Photo Credit: Aaron Burden

Social Media: Like Feels Like Doing Something

Glancing at it as she handed me the flyer that had blown free and lodged against her face, she responded not with You’re welcome, but, “Well, it’s the least I could do.”

She had literally been hit on the head. It was the opposite of unnoticeable, begging for an insignificant contribution: stop a few papers blowing away. It was obviously pressing and important, and even the smallest contribution would be asymmetrically valuable. At least she was honest: short of completely ignoring the situation, she had done the least she could do.

Similarly, social media has diminished our capacity—certainly our willingness—to do anything meaningful. The woman in the parking lot may as well have have clicked a Like button.

On social media, people bark at passers-by in the crowd to take notice of their thing blowing around. We let the world know we have something to say or share. Maybe it warrants the “conversation” the Internet missionaries babble about. Hopefully, at least our Connections and Friends will see it, take it in, and propagate it wider to support our thing. That’s the plan. That’s why we follow and hope to be followed online.

Such is the attraction of social media to the alt-right, presidents, and even people trying to do good: the wide net and potential for geometric audience expansion. Most everybody will get your message through someone they know—or follow—so we expect a receptive, positive sentiment from networked, loose-Connections and Friends.

I have it on good authority that diligent content output and analysis of network feedback results in explosive social media success. Maybe.

More interesting to me than its mechanics is the social engagement itself. As best I can tell, there are two forms of social network interaction: high and low intensity engagements. Discussion forums are typically high intensity. These communities of shared interest or bile contribute to and debate something, even occasionally to someone’s benefit.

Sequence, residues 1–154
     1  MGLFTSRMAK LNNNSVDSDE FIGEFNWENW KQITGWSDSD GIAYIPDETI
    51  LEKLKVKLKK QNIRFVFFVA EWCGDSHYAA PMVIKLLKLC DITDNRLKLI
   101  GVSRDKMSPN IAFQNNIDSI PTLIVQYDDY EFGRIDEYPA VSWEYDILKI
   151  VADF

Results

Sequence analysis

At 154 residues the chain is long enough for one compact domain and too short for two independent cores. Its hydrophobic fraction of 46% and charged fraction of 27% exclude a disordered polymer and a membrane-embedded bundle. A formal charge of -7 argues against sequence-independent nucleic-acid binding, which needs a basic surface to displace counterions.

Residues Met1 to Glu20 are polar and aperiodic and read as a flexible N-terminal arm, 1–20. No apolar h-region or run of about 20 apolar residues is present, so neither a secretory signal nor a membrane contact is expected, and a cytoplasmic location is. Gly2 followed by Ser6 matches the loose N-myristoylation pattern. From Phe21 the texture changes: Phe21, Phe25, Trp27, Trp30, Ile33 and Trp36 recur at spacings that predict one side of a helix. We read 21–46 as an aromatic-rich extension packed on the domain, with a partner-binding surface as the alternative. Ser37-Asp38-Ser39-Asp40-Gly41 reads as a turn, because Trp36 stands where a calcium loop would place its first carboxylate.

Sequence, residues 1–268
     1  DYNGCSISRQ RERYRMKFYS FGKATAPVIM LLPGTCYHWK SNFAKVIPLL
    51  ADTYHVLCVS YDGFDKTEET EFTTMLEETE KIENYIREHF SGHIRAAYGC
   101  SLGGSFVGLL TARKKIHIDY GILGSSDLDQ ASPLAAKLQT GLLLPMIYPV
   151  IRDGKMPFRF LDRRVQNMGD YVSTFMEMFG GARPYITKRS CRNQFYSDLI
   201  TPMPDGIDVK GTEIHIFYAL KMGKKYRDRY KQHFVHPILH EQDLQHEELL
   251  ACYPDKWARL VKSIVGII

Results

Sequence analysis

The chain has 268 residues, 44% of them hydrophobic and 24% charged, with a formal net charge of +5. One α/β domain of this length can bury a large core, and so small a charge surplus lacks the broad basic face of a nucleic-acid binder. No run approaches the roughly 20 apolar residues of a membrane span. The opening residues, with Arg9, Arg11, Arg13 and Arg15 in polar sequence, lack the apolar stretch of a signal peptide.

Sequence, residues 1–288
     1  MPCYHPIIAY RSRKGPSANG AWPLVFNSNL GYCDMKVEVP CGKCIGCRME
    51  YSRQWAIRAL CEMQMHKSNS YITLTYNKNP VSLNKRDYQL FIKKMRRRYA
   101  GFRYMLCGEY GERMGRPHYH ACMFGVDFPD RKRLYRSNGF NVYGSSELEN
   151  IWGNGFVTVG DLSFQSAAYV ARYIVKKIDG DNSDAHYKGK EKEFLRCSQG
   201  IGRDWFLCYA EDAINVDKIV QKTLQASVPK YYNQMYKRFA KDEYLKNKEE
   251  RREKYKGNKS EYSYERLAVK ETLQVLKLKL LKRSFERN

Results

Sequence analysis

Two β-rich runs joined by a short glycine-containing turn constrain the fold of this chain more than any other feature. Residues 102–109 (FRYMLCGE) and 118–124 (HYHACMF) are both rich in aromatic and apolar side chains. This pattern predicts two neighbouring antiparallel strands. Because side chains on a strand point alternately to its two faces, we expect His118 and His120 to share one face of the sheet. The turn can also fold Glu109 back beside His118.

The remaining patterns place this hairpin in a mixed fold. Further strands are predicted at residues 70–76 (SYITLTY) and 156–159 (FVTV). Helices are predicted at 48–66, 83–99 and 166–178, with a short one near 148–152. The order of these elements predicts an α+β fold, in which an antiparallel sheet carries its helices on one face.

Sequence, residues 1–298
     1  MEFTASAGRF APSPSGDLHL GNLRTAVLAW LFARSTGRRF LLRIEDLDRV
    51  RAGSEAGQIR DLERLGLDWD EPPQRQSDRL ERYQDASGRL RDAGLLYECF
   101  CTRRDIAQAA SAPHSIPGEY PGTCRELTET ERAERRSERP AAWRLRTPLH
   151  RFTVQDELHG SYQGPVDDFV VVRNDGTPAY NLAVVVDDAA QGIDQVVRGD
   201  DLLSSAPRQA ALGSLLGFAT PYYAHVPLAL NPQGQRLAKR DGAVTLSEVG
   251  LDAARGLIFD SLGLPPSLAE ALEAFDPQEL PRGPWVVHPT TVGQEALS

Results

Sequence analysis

As the participants proliferate, the value of high intensity engagement deteriorates into what you find on YouTube or news website comments forums. These are insipid, partisan duels of wit among often unarmed combatants. This, however, is not yet the low water mark. That would be the cruel and sadistic pile-ons that are Facebook and Twitter. Underlying conversation becomes secondary. Across the full spectrum of the civilized, uncivilized, and decivilizing, this engagement is about nothing beyond attention for the contributor, generating Likes and retweets in the process.

That brings us to the least I can do: low intensity engagement. Like is the Emperor’s thumbs-up—granted to the masses. With, not only is everyone an entertainer, everyone can be a judge. The wisdom of the crowd, generously said, is mob-adjudicated support for outrageous or occasionally brilliant commentary. All it takes is a click or tap. Further consideration may be begged by the issue at hand, in whatever decontextualized and denuanced and, most importantly, dehumanized state. Like has no such expectation.

Is Like good? Certainly it identifies what resonates among some segment of the social universe at a moment in time, which can be valuable. It can be a social clue or validation. But is it engagement? Does a click or a tap constitute (inter)action? or purpose? or even thought? Does it mean anything at all? Facebook, creator of the ubiquitous thumbs-up Like, standardized and made tangible “the very least I can do.”

Liking an idea, plan, activity, or whatever is being shared, be it personal or global, commercial or societal (as opposed to an idiotic, half-baked, malevolent one-liner), does nothing. Zero. Zip. Zilch. Nil. Nada. It makes the clicker/tapper feel that (s)he contributed. But it does make the person who’s offering is being Liked feel (s)he has reached an audience. It’s a giant ego massage that adds up to... bugger all.

Save your Likes. And if you’re going to comment, start with “what can I do...” Unless, of course, your plan is, “The least I could do.”

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